The Dalebrook area, or Western Creek as it is known today, was the site of the Higgs Mill, one of the first water powered mills in Tasmania and was driven by the then plentiful waters of Western Creek. A large waterwheel constructed by Edward and his sons was the motive power, a long wooden fluming from further upstream guided the constant flow of water over the massive wheel providing the power to break down the largest of logs, thus providing work for the males of the family; all six boys worked the mill without pay; just their keep leaving Edward to never quite understand why at the age of 21 each son left home.

Western Creek became a mecca for the traveller, a vibrant and happy place that always attracted interest in so many ways, artists, musicians, photographers, (some of the first images taken in Tasmania were taken at the Higgs home by Frank Styant Brown a close family friend) Joshua Higgs Jn., Edward’s older brother followed his father (Joshua Sen.) and became a noted artist and both Styant Brown and Joshua Jn jointly travelled in a horse drawn caravan, painting and photographing the untouched countryside and rugged mountains.

As a child I was privileged to spend some very happy times in this wonderland, to see those sparkling waters of the beautiful brook, to drink the purest water the world could offer and the air was the breath of angels. I would marvel at the fossils of sea shells embedded in the rocks in the creek telling the story of a millions of years without menace or harm, a time when even these Great Western Tiers were partly seabeds, the wonderful old homestead built as strong as a ship by its creator with its sturdy timbers all cut at the mill. The use of Blackwood, Huon Pine, Pencil Pines plus other species unique to the area. A home of a great pioneering family.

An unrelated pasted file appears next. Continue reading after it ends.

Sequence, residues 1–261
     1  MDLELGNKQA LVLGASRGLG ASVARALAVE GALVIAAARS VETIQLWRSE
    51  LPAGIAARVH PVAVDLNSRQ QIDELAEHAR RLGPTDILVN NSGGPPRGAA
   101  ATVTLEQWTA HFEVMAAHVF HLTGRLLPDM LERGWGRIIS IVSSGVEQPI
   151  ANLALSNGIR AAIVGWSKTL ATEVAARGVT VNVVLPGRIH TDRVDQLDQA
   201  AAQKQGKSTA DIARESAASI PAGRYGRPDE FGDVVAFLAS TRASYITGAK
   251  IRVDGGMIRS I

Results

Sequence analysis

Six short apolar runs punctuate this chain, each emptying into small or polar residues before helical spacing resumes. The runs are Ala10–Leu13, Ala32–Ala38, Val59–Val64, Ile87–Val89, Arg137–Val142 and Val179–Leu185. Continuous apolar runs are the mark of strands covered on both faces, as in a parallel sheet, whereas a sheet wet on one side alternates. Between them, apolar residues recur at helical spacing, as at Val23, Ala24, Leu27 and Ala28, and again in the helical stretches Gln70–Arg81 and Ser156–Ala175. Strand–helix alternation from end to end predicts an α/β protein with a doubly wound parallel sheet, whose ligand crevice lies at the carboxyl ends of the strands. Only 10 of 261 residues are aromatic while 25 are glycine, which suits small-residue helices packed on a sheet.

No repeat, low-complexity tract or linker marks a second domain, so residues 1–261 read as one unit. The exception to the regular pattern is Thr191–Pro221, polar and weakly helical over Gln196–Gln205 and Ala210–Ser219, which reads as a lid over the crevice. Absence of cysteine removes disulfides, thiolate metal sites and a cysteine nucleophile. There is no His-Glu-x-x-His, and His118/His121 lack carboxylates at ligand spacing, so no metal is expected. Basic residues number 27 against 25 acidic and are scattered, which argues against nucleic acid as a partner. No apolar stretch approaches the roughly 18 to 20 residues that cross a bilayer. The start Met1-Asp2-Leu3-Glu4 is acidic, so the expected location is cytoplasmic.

This is just a very brief introduction to the family of Higgs that arrived here in 1852 and in many cases family’s children have moved on to settle in other lands but Tasmania’s “Dalebrook Area” is the magnetic point for all those who make the pilgrimage back to their Australian rootes.

On a recent visit to the site I was a little overcome to be confronted by a mass of unsightly growth, the invasion of aliens, pulp wood trees a noxious looking tree whose only ability is to destroy what was once a very special place. Respect for our heritage seems to have vanished; the distruction of Tasmania has certainly been ramped up in the past fifty years when the area calender can go back back millions of years without harm.

The future has been made very bleak indeed and the Western Tiers are aptly named and there’s very few left who cares … what an enditement.

Quote from “The Australians” 1943 by Arnold Haskell as a tribute to our forebears:

“It is the little man, his wife and children who never get into history,who made Tasmania out of Van Diemans Land, who suffered from the stupidity of officials, who broke the first soil and planted their crops, who defended themselves against bushranger and black and whose sturdy commonsense won the day. With grit and determination they carved out a life for their families and decendants, homesick for their families, friends and homeland, bringing with them a limited supply of their treasures.” Etc.